We are suffering from an epidemic of loneliness and it’s not just a private sorrow, it’s a public health risk.
In October 2018 the British Government announced a strategy for tackling loneliness after what is probably a global first, the appointment (back in January 2018) of a Minister for Loneliness (currently Mims Davies MP). Loneliness shot up the public agenda after a high-profile government commission and growing research evidence that loneliness is costing the nation billions of pounds annually because of its impact on health. It seems that loneliness is as bad for our health as smoking 15 cigarettes a day and is even more dangerous for our life chances than obesity. It has a particularly high impact on the risks of heart disease, depression and dementia.
It’s not particularly surprising to find that loneliness is a major issue among older people as many of them live alone. An Age UK study showed that 1.2 million older people are chronically lonely (about 10 per cent of the age group) and two-fifths of the age group say that television is their main source of company. But it is surprising to learn that young people aged 16- 24 are the loneliest of all. It goes to show that having hundreds of friends on Facebook is no substitute for real connection.
People who run homeshare programmes have always seen companionship as one of the main benefits of homesharing. Everyone involved has seen how householders flourish when they are paired with a suitable homesharer and some have documented the impact on their health. We recall a case study from Australia of an elderly man living alone who was so concerned about his health that, in the space of one year, he visited the emergency department of his local hospital no fewer than 51 times. Then he was paired up with a young homesharer – and his medical crises simply vanished. No doubt you know of similar stories.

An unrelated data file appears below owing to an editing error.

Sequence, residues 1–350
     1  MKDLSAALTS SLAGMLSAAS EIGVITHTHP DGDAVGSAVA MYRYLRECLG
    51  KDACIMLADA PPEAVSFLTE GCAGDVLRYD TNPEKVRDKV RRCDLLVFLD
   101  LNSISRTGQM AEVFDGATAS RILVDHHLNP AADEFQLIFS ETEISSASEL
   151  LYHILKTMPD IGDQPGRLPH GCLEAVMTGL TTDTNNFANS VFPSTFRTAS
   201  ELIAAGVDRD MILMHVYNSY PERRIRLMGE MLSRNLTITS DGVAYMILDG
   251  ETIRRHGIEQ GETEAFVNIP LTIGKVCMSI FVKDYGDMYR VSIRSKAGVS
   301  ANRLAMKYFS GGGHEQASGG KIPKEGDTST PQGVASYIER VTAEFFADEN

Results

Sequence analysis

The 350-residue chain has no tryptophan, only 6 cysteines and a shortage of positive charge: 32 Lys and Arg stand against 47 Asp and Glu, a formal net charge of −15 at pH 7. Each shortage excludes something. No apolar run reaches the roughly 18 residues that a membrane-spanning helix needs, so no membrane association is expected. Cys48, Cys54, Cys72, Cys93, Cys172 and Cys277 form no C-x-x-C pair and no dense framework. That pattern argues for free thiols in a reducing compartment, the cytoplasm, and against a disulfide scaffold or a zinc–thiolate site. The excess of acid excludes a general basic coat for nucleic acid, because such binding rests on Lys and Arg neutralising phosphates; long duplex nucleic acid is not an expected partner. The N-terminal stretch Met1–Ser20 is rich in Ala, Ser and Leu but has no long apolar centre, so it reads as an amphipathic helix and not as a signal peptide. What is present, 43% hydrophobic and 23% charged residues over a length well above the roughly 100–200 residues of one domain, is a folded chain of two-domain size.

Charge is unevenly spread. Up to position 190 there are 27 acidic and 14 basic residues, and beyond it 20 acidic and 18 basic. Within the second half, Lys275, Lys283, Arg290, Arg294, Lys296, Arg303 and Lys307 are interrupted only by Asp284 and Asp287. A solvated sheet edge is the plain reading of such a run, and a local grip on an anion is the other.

The UK Government’s new strategy lists many interesting approaches that will be rolled out in the coming years. The main one is ‘social prescribing’ – allowing doctors to offer a service that links lonely people to community activities, whether that’s a coffee club, a walking group, an art class or a ‘Men’s Shed’ project – whatever interests the person concerned.
However, it’s sad to see that the strategy does not even mention homesharing as one of the solutions to the loneliness epidemic. It could be argued that homesharing is the ultimate anti-loneliness project, helping two groups of people to make meaningful connections.
It’s time for us all to start shouting about what homesharing is saving the public purse in costs to the health service – a fact to mention when applying for funding.
We are pleased to see that in Australia, Fiona Patten, a Victoria MP, is arguing that Australia too needs to act to end the personal sadness and public cost of loneliness. One tenth’s of the country’s population experiences social isolation. Meanwhile in France, postal workers are at the frontline, spending time with isolated older people under a new initiative called Veiller sur mes parents (‘Watch over my parents’). This is a paid-for service that recognises that the postman/woman is someone we probably know already and trust completely.
Background reading and links to other sources: see Campaign to End Loneliness, https://www.campaigntoendloneliness.org/
Loneliness more likely to affect young people: www.bbc.co.uk/news/education-43711606
‘Loneliness minister’ proposed to tackle Australian social isolation: https://www.theguardian.com/society/2018/oct/19/loneliness-minister-proposed-to-tackle-australian-social-isolation
https://connect2affect.org/about-isolation/ – sponsored by the AARP, this USA programme aims to reduce isolation among older people. It lists homesharing as a potential solution
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